Tag: Movie Review

THE SENTINEL (1977) MOVIE REVIEWTHE SENTINEL (1977) MOVIE REVIEW

The Sentinel (1977)

The Sentinel is a 1977 supernatural horror drama based on the novel of the same name by Jeffrey Konvitz. Directed by Michael Winner, The Sentinel is about a young model (Cristina Raines) who moves into a historic Brooklyn brownstone that has been sectioned into apartments, only to find that the building is owned by the Catholic diocese and is a gateway to Hell.

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IMMORTAL BELOVED (MOVIE REVIEW)IMMORTAL BELOVED (MOVIE REVIEW)

Immortal Beloved

Immortal Beloved is a 1994 historical drama depicting the final years of classical music composer Ludwig van Beethoven (played by Gary Oldham). The story revolves around a quest by Beethoven’s secretary and biographer Anton Schindler (Jeroen Krabbé) to find out the true identity of the “Unsterbliche Geliebte” (“Immortal Beloved”) addressed in three letters found in Beethoven’s private papers.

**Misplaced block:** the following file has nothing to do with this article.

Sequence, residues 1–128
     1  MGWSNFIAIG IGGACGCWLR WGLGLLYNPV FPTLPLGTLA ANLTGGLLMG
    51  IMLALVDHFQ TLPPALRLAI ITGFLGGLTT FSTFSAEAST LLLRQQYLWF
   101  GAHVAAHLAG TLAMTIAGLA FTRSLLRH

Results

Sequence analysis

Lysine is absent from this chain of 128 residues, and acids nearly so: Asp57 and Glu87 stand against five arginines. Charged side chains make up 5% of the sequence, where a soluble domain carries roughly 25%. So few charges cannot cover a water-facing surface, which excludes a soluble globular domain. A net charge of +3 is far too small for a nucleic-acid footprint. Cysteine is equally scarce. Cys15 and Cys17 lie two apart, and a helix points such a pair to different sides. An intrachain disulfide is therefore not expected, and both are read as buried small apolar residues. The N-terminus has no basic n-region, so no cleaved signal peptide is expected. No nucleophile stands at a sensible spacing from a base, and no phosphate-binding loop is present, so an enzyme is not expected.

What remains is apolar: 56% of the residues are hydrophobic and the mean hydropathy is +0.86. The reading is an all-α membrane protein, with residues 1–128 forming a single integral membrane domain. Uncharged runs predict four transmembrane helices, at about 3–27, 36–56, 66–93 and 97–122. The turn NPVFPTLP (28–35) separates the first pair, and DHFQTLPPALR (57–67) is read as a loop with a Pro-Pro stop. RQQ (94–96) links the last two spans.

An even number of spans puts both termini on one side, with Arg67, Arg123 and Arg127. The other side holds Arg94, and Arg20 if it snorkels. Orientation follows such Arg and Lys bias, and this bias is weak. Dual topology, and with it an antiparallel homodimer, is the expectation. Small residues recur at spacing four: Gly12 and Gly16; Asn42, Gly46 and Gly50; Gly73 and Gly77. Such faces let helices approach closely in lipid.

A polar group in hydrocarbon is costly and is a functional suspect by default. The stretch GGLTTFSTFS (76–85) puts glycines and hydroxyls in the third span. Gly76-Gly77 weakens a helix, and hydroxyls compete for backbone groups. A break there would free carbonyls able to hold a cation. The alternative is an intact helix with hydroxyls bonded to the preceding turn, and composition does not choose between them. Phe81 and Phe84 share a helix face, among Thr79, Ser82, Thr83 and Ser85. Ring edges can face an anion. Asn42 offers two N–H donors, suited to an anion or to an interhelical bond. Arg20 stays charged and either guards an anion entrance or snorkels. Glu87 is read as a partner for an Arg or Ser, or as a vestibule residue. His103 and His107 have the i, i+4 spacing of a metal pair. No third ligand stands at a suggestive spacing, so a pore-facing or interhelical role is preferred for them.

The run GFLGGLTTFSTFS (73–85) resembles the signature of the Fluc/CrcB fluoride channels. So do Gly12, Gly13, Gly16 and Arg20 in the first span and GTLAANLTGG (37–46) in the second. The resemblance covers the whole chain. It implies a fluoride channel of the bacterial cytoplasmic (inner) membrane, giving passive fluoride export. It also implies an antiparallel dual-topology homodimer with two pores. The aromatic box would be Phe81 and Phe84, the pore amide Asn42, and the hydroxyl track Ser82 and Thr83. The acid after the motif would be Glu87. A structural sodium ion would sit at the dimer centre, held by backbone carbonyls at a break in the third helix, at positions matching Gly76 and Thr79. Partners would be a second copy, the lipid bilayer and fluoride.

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POSSESSOR (MOVIE REVIEW)POSSESSOR (MOVIE REVIEW)

Possessor

Possessor is an indie scifi horror movie written and directed by Brandon Cronenberg. Horror buffs will of course recognise the name Cronenberg. Brandon is the son of iconic film-maker David Cronenberg, director of movies like The Fly, Dead Ringers, Scanners, Rabid et al.

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THE NINTH CONFIGURATION (MOVIE REVIEW)THE NINTH CONFIGURATION (MOVIE REVIEW)

The Ninth Configuration